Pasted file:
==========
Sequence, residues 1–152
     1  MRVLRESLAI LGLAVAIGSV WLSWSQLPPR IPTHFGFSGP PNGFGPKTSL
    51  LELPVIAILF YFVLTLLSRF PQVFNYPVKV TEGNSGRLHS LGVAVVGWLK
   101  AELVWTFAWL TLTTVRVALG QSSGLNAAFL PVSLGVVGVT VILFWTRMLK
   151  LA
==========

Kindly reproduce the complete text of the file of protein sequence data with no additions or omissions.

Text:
Sequence, residues 1–152
     1  MRVLRESLAI LGLAVAIGSV WLSWSQLPPR IPTHFGFSGP PNGFGPKTSL
    51  LELPVIAILF YFVLTLLSRF PQVFNYPVKV TEGNSGRLHS LGVAVVGWLK
   101  AELVWTFAWL TLTTVRVALG QSSGLNAAFL PVSLGVVGVT VILFWTRMLK
   151  LA